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» Ship of Fools   » Community discussion   » Purgatory   » Personality Tests: Harmful Bullshit or Bullshit which is Harmful? (Page 1)

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Source: (consider it) Thread: Personality Tests: Harmful Bullshit or Bullshit which is Harmful?
lilBuddha
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Criticism of personality tests is nothing new. There seems to be little validity to their accuracy and almost none to whether a person will be a good/beneficial employee. Yet they are supposedly a big thing in business.
The Myers-Briggs one is mentioned on SOF quite a bit, hopefully facetiously, so I thought I'd ask why they.

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Boogie

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My son is an airline pilot and, along with the technical gubbins, a large amount of time was devoted to personality tests in the selection process.

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Curiosity killed ...

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I get irritated by the requirement to ask students about Visual, Audio or Kinaesthetic learning styles which has been thoroughly debunked. The only usefulness I can see is that it tells teachers not to expect results from their preferred chalk and talk teaching.

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Snags
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Setting aside the obvious bullshit ones I think the better ones can be of some value, but only when used as one tool among many. And on the understanding that the results are not the whole story about someone/yourself.

Using "Oh, I'm an INJP" or whatever as justification for your life is bollocks. Using it to realise that you may be more suited to Role A over Role B in a particular context may have value.

ATEOTD I guess they can act as aids to self-reflection and understanding when used well, particularly for those who wouldn't normally reflect at all. But you can't build a house with just a hammer.

[ 09. July 2017, 12:54: Message edited by: Snags ]

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Dafyd
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I think that popular psychology and received wisdom tend towards informal evaluative models. Certain personality traits are good; others are bad. So there's a lot of informal personality categories and tests going on in people's heads anyway.
So I think the benefit of Myers-Briggs-type tests can be that they try hard and mostly successfully to be non-evaluative and non-judgemental: and so they can be a way to clear away the prejudices of received wisdom. It's a way of saying these things aren't something wrong with you or other people; they're just different. And putting a name on just different makes it easier to grasp.
Of course once they've done that job they then need becoming imprisoning frameworks in their own right as described in the article. And then they need to be cleared away in their own right.

[ 09. July 2017, 13:12: Message edited by: Dafyd ]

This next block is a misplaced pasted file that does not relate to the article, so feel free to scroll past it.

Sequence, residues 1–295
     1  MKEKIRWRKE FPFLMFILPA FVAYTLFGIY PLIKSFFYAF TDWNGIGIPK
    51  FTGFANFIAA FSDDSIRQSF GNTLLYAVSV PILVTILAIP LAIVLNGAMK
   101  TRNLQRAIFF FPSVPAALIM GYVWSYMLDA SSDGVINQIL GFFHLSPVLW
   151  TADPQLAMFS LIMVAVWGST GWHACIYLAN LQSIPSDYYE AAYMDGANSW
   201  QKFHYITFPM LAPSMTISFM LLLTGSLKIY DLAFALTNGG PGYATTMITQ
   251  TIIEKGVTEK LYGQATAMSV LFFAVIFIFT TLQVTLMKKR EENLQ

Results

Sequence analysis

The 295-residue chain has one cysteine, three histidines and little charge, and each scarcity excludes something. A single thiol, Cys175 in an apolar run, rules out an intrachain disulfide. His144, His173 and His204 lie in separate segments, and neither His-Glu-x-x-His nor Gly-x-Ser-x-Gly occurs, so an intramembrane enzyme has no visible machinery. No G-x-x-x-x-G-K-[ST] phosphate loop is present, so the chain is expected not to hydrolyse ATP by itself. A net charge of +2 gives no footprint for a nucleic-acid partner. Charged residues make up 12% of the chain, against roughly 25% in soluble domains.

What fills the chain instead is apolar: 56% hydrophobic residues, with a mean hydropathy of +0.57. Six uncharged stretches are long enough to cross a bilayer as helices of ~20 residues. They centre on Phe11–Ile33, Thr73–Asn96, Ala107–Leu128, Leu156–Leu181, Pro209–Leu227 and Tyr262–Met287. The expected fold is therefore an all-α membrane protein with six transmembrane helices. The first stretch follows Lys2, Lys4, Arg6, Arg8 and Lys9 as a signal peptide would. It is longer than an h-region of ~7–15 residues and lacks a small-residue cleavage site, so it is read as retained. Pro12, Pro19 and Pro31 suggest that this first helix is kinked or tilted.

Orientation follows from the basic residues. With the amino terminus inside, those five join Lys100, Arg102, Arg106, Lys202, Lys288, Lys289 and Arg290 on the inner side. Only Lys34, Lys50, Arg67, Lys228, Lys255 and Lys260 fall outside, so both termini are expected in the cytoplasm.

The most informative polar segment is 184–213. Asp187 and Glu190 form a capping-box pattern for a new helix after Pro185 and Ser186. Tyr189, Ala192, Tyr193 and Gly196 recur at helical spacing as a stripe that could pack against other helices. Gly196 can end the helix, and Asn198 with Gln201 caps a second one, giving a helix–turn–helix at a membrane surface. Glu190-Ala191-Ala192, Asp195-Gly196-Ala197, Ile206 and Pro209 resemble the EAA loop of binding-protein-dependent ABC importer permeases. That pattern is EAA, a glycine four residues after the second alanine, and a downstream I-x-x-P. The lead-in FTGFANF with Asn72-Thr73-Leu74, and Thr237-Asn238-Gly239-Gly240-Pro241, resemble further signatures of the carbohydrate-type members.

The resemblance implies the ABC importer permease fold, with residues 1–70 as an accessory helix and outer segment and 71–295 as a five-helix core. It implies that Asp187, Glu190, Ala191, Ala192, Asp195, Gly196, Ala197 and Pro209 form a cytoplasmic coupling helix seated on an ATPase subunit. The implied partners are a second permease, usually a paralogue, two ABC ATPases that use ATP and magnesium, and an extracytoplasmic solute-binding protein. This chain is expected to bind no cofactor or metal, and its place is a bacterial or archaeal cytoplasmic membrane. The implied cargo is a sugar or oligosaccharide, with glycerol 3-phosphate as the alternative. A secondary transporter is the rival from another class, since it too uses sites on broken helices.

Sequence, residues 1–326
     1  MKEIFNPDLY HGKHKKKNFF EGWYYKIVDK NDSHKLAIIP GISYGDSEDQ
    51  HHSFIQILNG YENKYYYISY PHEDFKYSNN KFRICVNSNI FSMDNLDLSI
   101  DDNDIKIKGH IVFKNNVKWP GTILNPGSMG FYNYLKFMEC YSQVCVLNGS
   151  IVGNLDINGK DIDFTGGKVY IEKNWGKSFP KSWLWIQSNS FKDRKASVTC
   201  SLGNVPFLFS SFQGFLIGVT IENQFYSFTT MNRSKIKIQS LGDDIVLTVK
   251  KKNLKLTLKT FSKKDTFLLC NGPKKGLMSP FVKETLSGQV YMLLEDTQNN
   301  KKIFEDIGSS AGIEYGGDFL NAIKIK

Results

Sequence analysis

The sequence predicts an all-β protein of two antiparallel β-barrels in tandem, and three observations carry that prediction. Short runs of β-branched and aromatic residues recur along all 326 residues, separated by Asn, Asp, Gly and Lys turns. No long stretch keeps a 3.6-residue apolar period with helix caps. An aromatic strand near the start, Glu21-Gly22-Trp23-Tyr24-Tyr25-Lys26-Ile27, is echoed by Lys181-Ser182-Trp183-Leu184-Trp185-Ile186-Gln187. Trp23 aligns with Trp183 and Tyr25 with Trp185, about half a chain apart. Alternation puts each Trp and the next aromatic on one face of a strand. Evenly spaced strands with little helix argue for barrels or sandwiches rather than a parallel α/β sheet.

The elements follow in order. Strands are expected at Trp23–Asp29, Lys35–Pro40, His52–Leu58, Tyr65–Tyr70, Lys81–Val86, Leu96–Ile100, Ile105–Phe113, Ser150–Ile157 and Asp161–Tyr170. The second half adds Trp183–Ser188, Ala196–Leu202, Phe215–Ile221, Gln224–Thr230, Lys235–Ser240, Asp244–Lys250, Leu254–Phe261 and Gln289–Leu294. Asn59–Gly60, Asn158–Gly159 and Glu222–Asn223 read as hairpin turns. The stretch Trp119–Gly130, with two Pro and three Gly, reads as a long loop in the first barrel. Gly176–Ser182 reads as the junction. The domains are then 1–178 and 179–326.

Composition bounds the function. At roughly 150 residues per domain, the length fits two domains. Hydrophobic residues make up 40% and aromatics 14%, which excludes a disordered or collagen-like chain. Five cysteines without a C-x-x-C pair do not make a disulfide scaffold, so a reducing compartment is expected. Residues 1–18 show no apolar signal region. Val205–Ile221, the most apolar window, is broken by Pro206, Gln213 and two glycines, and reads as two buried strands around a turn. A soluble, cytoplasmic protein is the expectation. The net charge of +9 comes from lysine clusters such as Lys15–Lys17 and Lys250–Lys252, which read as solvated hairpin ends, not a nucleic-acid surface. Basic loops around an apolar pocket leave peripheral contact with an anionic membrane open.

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Tortuf
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I took the Myers-Briggs several years ago. It found I was hardly judgmental at all. I clung to that for a long time.

Working at myself with the help of someone who was good at what he does revealed I am highly judgmental. I judged the living hell out of people who don't make the world be the way I know it needs to be for it (me) to be OK. It is an important exercise on my part to catch that judgmental me and stop it.

Would knowing that Myers-Briggs is hooey ridden have helped me see myself more clearly sooner rather than later? Probably not.

My experience is that I tell myself about character traits I have because I want to have them, rather than because I do have them. So, most quick, written tests are going to miss that divide.

Some tests seem to be better than others. But I am no expert.

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Eutychus
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quote:
Originally posted by lilBuddha:
The Myers-Briggs one is mentioned on SOF quite a bit, hopefully facetiously, so I thought I'd ask why they.

Probably because of the much-higher-than-usual number of INTJs on here [Two face] ¹

=

¹I recall that being the finding of a poll here by JimT many years ago...

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mdijon
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This can't be done without quoting Ken.

quote:

Can the last Myers-Briggs witchdoctor be choked to death by being stuffed every book in the world that takes fucking Fowler's fucking stages of fucking faith fucking seriously and all of them burned on a funeral pyre made up of Gardener's Learning Styles?

And all the rest of the fluffy-bunny pseudo-scientific pop-psychology mendacious controlling bollocks that has been infesting the church like a plague for the past too many decades.

And we can get rid of the moronic nonsense about "Generation XYZ" while we're at it.